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Aster's avatar

Is it not true that MRI's and CT scans cannot pick up cancer cells?

Asked by Aster (15864 points ) April 24th, 2014

I hear of people going about every six months for a CT scan or MRI to see if their cancer has come back. But I don’t think they can pick up cancer cells, correct? I know they can see a large tumor but cancer cells are often microscopic, right? I also know they can pick up slipped discs; I don’t know how big discs are but cancerous cells? So many people are relieved at the “great news” that their cancer hasn’t come back after their scan shows no cancer. Set me straight.

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5 Answers

syz's avatar

No, they do not see individual cancer cells. They do, however, do a very good job of finding small tumors.

turtlesandbox's avatar

You would need a PET scan for cancer cells to show up.

BhacSsylan's avatar

MRIs and CTs looks for tumors, this is correct. If we could see/pick out individual cancers cells in your body it would be an amazing breakthrough. What those routine scans look for is the reappearance of full tumors. We can get pretty small now, but it’s still on the order of millimeters at the smallest.

However, the reason many people are relieved is because if the tumor doesn’t regrow, or the cancer metastasize elsewhere, it is essentially gone (for the time being). It’s the tumor that causes the symptoms. And the longer you go without either of those occurring, the greater the chance that the cancer was beaten. It’s all probabilities, sadly, you could be cancer free for decades and then it suddenly reappears, but the longer it’s gone the better.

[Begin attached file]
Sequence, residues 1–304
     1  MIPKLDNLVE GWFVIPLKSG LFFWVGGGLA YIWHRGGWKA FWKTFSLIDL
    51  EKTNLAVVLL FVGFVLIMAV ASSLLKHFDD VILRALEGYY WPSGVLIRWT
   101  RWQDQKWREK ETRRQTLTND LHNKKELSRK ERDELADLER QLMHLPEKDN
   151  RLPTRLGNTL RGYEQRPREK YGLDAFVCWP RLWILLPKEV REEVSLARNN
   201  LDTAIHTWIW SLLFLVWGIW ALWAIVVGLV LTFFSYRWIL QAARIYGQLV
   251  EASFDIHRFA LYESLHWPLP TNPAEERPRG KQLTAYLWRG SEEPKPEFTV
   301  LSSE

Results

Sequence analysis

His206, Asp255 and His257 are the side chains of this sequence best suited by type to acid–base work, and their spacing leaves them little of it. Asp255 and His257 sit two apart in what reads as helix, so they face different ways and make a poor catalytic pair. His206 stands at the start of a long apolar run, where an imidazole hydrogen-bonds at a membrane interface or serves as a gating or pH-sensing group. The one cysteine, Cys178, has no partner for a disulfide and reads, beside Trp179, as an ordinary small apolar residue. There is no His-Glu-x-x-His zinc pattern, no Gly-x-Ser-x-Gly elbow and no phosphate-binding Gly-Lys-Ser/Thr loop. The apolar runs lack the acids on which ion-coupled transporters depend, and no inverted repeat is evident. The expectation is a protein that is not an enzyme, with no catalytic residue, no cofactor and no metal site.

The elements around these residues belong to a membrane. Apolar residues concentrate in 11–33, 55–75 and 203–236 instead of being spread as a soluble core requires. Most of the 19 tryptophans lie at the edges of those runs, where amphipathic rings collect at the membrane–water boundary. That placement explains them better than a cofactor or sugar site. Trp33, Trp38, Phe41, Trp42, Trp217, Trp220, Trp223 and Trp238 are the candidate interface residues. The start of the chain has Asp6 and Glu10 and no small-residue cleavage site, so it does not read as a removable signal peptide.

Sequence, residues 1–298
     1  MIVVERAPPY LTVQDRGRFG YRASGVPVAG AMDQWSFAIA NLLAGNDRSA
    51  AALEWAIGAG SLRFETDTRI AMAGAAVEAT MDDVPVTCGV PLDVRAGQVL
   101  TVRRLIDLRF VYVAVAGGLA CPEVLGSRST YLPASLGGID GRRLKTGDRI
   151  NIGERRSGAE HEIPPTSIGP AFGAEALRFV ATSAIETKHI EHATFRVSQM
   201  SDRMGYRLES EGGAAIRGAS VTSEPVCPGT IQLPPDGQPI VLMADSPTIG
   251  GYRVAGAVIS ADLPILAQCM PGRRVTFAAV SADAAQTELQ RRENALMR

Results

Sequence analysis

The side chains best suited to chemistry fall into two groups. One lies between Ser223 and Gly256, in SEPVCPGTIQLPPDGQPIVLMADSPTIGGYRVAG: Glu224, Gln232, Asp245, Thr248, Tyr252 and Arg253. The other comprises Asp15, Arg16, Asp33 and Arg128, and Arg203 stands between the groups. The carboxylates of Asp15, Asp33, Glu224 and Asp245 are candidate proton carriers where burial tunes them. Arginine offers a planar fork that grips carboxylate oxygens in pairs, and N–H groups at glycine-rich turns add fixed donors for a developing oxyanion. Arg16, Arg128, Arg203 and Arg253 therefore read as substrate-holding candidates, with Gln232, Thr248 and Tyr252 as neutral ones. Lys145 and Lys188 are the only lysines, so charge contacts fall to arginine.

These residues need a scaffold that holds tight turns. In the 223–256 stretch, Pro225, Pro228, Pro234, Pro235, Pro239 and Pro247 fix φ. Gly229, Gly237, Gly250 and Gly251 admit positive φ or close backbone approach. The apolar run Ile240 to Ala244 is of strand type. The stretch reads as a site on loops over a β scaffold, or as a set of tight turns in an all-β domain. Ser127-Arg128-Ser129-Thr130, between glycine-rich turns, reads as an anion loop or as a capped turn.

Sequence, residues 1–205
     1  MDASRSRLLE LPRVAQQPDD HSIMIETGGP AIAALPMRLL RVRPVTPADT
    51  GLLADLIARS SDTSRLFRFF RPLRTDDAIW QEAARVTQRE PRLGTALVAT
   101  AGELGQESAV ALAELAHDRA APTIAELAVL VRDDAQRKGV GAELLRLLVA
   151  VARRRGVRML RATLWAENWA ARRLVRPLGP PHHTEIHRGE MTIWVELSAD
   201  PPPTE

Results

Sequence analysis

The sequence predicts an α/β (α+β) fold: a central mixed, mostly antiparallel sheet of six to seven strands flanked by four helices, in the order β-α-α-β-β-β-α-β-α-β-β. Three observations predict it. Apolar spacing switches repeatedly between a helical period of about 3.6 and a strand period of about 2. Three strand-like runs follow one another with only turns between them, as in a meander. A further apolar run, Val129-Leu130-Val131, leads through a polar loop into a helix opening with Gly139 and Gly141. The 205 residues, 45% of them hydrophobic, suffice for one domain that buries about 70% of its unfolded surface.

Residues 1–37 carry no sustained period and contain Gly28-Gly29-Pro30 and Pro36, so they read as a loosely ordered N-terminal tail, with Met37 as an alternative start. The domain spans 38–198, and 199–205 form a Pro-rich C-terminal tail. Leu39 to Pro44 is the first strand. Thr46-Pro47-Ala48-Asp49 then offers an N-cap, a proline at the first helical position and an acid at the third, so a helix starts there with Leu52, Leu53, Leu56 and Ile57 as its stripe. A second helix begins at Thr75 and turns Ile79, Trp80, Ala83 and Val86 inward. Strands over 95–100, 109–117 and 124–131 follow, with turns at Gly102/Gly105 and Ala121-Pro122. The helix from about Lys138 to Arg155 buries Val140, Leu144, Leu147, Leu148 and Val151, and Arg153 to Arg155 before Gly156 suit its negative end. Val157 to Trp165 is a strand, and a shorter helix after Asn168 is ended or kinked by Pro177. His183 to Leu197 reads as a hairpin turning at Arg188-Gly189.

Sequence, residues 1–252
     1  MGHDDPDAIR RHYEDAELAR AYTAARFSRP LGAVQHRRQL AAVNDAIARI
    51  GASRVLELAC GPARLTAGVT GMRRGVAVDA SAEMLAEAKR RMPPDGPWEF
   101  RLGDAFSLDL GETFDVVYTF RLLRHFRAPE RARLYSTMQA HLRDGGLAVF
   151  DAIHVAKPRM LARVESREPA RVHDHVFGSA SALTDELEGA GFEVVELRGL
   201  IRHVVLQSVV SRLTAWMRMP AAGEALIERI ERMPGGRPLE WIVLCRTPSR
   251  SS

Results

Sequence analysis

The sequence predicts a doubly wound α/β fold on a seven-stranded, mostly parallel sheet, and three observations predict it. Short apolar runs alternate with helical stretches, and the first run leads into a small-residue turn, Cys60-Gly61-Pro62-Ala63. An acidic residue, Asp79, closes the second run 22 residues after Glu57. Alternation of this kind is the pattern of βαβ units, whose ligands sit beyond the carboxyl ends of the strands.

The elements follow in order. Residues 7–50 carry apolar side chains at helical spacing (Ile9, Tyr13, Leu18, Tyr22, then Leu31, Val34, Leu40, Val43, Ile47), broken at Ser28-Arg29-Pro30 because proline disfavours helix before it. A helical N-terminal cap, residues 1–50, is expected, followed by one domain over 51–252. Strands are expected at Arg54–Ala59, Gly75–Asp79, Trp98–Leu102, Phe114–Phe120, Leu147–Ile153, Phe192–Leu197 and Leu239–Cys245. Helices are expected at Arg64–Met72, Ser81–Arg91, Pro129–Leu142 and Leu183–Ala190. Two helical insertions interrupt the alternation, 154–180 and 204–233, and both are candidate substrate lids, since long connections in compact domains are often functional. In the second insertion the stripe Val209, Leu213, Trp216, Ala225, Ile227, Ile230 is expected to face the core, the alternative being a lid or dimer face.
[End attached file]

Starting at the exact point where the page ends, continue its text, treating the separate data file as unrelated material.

And a PET scan is still also on the tumor stage. It can get more specific as to what is cancerous and what’s not through specific imaging agents, but it’s still a tumor-finding test. We cannot see individual cells in the body with an external scan like these.

turtlesandbox's avatar

You can’t see individual cells, but cancer cells show up as brighter spots on PET scans because they have a higher metabolism rate than do normal cells. Mayo Clinic

sorry, I forgot to include a link

BhacSsylan's avatar

Yeah, that’s what I meant by “It can get more specific as to what is cancerous and what’s not through specific imaging agents”. There are also other markers you can use with PET, it all depends on the molecule you choose to do the scan. Specific indicators can also be used with MRI, actually, but that’s a little harder to do and rather rare as a result.

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